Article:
# Electromagnetic Radiation Physics 202 Professor Lee Carkner Lecture 20.

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Electromagnetic Radiation Physics 202 Professor Lee Carkner Lecture 20

What is Light?   A light wave has no medium   A light particle is called a photon  c = 3 X 10 8 m/s

The Electromagnetic Spectrum  We often think of light as being visible light   Visible light is just the portion from 400-700 nanometers (nm)   Radio waves, microwaves, gamma rays etc. are all forms of electromagnetic radiation with different wavelengths  We will use the terms “light”, “photons” and “electromagnetic (EM) radiation or waves” interchangeably

EM Spectrum

The EM Spectrum  Radio  > 1 meter   Millimeter (microwave)  1 m - 1 mm   Infrared  1 mm - 700 nm   Visible  700-400 nm   Ultraviolet  400 nm - 100 A   X-ray  100 A - 0.01 A   Gamma Ray  < 0.01 A 

Atmospheric Transmission Gamma + X-ray Infrared O 2, N 2 Absorption H 2 O, CO 2 Absorption

Intensity of Light   If a light source has a power P s (in J/s), then the intensity at any point is: I = P s / 4  r 2  This can also be written:  Where F is the flux (J/s/m 2 ) and L is the luminosity (J/s)   Light (like sound) falls off with an inverse square law

Inverse Square Law

Radiation Pressure   If someone shines a flashlight on you, the light is trying to push you away   EM pressure is due to the fact that light has momentum which can be transmitted to an object through absorption or reflection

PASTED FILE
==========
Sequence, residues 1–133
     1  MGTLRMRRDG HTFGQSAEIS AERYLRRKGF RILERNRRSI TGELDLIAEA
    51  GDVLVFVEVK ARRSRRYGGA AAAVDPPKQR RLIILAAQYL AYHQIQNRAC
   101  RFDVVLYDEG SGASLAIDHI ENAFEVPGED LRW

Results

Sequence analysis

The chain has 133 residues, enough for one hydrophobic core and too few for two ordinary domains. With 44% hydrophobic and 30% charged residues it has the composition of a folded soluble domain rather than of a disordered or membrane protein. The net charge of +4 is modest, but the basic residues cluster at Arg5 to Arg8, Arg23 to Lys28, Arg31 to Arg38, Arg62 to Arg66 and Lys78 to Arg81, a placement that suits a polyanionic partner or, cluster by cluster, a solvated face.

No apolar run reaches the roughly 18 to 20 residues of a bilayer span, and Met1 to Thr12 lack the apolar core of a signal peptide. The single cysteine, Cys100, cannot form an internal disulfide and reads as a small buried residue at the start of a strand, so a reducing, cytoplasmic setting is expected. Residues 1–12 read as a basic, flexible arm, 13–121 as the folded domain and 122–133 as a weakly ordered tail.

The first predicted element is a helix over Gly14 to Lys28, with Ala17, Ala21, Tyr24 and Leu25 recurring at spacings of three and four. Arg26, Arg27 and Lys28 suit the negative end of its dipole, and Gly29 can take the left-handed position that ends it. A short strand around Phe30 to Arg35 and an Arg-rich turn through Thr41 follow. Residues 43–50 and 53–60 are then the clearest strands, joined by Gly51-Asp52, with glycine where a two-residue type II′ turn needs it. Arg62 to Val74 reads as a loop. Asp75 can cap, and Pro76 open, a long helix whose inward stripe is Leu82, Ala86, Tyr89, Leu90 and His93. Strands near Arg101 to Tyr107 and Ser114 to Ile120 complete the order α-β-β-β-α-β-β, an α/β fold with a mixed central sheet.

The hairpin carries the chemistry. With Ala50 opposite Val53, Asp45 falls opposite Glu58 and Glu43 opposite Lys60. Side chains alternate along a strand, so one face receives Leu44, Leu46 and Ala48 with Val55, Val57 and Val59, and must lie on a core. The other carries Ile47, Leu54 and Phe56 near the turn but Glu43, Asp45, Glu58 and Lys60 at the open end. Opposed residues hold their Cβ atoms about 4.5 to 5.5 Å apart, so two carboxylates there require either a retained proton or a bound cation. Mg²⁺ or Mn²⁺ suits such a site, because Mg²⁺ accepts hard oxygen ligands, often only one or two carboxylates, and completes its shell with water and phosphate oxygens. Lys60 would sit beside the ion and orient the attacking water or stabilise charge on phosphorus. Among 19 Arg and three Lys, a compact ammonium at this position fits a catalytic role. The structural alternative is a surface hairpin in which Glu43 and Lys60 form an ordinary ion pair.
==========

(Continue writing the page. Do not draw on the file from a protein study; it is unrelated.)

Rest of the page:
Comet Hale- Bopp

Comet Tails

Momentum Transfer   p =  U/c   The above equation is for absorption   p = 2  U/c

Light Pressure  F =  p/  t   U = I A  t  where I is the intensity and A is the area  p r = I/c (total absorption) p r = 2I /c (total reflection)

Example: Light Sail  Radiation pressure can be used to power a spacecraft   The sail can gather light from a star to propel the spacecraft   Light sail powered craft need no engines or fuel 

The EM Wave  Lets consider light as a wave    An EM wave consists of an electric field wave (E) and a magnetic field wave (B) traveling together   An EM wave is transverse (like string waves)  The field waves are sinusoidal and in phase

Wave Equations  We can generalize the waves as:  Nothing is actually moving   A moving E field induces a B field  A moving B field induces an E field   The speed of the wave is related to the fields: c = E/B

Traveling EM Wave

Key Constants  Two important constants in E and M are the permittivity constant  0 and the permeability constant  0   0 = 8.85 X 10 -12 F/m   Measure of how electric fields propagate through space   0 = 1.26 X 10 -6 H/m   Measure of how magnetic fields propagate through space  c = 1/(  0  0 ) ½

Poynting Vector   The amount of energy delivered per unit area per unit time is given as flux:  Flux for an EM wave can be given by the Poynting vector:  However, E and B are related by E/B = c so we can rewrite S as: S = (1/c  0 ) E 2

Intensity   We generally are interested in the time averaged value of S, known as the intensity I = (1/c  0 ) E rms 2 